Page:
The media wants you to believe that there aren't issues with Dominion voting systems. But the company's history of bipartisan criticisms reveals a different story.
Dominion Didn't Meet Texas's Security Standards
In early January of this year, Dominion made its third attempt to regulate elections in Texas. Much like their prior two attempts, the software was rejected due to security concerns.
The Texas Secretary of State noted the following in a document from early January:
"The examiner reports identified multiple hardware and software issues that preclude the Office of the Texas Secretary of State from determining that the Democracy Suite 5.5-A system satisfies each of the voting-system requirements set forth in the Texas Election Code. Specifically, the examiner reports raise concerns about whether the Democracy Suite 5.5-A system is suitable for its intended purpose; operates efficiently and accurately; and is safe from fraudulent or unauthorized manipulation. Therefore, the Democracy Suite 5.5-A system and corresponding hardware devices do not meet the standards for certification prescribed by Section 122.001 of the Texas Election Code."
Democrat Senators Tried To Warn Us
In December 2019, Democrats including Elizabeth Warren had the following to say regarding Dominion's voting machines, specifically calling out vote switching, in a letter they'd written:
"In 2018 alone 'voters in South Carolina [were] reporting machines that switched their votes after they'd inputted them, scanners [were] rejecting paper ballots in Missouri, and busted machines [were] causing long lines in Indiana.' In addition, researchers recently uncovered previously undisclosed vulnerabilities in 'nearly three dozen backend election systems in 10 states.' And, just this year, after the Democratic candidate's electronic tally showed he received an improbable 164 votes out of 55,000 cast in a Pennsylvania state judicial election in 2019, the county's Republican Chairwoman said, '[n]othing went right on Election Day. Everything went wrong. That's a problem.' These problems threaten the integrity of our elections and demonstrate the importance of election systems that are strong, durable, and not vulnerable to attack."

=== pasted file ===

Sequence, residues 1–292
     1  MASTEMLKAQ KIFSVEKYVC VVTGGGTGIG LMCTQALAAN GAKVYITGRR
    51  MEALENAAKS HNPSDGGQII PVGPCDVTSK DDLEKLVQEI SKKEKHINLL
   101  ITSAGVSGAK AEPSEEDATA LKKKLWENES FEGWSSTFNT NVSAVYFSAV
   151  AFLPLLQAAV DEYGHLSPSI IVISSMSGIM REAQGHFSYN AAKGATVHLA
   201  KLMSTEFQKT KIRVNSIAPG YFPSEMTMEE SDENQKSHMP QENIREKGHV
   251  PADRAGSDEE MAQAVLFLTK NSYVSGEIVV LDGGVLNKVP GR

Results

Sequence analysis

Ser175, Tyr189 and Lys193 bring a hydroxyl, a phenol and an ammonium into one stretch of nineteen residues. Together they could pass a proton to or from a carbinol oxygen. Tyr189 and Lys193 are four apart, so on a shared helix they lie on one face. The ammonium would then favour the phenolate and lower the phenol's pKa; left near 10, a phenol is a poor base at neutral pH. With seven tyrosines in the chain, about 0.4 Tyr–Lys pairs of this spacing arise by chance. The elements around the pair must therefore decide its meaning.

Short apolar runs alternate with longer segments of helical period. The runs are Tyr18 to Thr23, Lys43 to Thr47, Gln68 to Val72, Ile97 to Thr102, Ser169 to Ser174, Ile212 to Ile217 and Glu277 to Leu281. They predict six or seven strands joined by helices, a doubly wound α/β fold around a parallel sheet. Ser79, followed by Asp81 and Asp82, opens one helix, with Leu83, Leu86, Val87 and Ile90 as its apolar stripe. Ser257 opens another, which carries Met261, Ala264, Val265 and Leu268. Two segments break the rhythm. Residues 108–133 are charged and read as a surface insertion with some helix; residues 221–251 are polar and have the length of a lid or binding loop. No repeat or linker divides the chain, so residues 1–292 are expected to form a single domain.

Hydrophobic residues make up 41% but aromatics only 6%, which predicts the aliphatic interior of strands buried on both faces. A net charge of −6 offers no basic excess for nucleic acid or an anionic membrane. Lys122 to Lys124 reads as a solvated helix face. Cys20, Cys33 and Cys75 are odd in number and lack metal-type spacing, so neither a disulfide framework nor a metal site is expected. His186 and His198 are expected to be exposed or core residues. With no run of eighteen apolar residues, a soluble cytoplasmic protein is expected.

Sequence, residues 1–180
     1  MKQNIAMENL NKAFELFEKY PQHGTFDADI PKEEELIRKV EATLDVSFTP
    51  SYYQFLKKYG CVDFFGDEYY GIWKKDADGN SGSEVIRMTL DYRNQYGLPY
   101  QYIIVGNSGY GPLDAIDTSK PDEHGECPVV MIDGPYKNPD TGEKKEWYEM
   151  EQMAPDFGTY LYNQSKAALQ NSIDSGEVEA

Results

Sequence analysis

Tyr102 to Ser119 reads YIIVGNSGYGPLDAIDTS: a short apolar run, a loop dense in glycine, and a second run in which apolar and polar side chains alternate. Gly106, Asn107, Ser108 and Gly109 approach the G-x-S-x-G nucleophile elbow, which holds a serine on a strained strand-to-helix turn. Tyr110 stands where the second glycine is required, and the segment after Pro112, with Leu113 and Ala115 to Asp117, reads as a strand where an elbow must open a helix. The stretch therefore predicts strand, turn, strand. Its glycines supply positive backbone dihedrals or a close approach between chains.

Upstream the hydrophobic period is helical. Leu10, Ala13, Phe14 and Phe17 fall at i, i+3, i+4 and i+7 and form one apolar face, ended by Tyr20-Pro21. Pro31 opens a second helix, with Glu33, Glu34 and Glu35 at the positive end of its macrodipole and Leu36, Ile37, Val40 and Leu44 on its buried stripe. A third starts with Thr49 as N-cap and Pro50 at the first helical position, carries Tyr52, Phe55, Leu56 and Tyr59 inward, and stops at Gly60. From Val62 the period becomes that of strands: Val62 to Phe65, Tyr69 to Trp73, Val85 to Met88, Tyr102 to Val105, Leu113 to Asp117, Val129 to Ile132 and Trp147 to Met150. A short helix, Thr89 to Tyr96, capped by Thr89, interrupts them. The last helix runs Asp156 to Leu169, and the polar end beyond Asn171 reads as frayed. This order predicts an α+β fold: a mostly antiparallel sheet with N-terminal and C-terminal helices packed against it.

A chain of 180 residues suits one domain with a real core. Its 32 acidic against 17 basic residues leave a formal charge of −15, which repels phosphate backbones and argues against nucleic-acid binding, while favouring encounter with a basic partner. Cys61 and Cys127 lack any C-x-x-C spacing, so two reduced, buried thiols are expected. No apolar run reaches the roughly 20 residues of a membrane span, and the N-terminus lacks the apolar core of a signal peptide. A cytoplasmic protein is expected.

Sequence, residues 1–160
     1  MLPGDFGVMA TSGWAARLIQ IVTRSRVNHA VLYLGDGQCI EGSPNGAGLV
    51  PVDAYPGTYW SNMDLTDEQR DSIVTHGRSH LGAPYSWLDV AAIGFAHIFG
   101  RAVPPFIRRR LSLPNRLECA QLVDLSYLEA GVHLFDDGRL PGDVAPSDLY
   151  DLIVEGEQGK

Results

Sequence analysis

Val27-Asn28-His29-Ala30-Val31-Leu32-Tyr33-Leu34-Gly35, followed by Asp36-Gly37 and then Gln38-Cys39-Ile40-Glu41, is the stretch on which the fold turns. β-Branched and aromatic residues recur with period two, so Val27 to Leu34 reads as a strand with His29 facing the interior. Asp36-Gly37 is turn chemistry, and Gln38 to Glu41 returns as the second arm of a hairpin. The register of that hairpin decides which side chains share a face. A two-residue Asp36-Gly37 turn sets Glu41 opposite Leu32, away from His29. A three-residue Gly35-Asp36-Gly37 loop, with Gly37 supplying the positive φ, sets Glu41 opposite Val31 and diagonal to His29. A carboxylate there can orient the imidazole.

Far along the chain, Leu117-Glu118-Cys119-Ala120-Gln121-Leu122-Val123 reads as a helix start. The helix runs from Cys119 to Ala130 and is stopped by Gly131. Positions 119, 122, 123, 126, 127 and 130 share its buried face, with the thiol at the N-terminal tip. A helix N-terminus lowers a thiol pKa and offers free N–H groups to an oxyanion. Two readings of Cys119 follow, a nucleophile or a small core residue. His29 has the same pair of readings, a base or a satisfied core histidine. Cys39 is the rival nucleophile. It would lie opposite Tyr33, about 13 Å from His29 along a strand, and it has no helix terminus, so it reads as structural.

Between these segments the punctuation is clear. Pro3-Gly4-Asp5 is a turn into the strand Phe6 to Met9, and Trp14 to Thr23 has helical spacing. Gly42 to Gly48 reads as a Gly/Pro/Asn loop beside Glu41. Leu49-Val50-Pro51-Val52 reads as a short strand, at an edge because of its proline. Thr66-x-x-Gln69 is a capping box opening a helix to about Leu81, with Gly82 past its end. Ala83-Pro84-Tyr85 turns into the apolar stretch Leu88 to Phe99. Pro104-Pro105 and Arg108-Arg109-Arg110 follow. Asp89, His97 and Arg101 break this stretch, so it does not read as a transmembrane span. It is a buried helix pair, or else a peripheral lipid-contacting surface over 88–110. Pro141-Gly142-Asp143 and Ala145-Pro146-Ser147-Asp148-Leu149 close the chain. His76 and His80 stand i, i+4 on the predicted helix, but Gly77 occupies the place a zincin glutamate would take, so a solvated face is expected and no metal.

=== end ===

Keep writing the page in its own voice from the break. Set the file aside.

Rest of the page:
Chinese Device Components
Also taking place in early 2020, the House of Representatives Committee held a hearing entitled "2020 Election Security-Perspectives from Voting System Vendors and Experts". Among those in attendance was the head of Dominion Voting Systems who, while in attendance, admitted to having Chinese-made components in their machines:
"Dominion Voting Systems CEO John Poulos and Hart InterCivic President Julie Mathis said their companies use Chinese-made LCD screen components, chip capacitors and resistors, and argued that in some cases there's no option for manufacturing them in the United States."
Ties to The Clinton Foundation & Nancy Pelosi
Nadeam Elshami, an aide to House Speaker Nancy Pelosi, was hired in mid-2019 by Dominion when they hired Brownstein Farber Hyatt & Schreck as a lobbying firm.
Separately, The Washington Post reported that Dominion had made up to $50,000 in donations to the Clinton Foundation. Ties were further strengthened by Dominion's ties to the Clinton Global Initiative by way of the Delian Project. A project described by the Clinton Foundation as follows: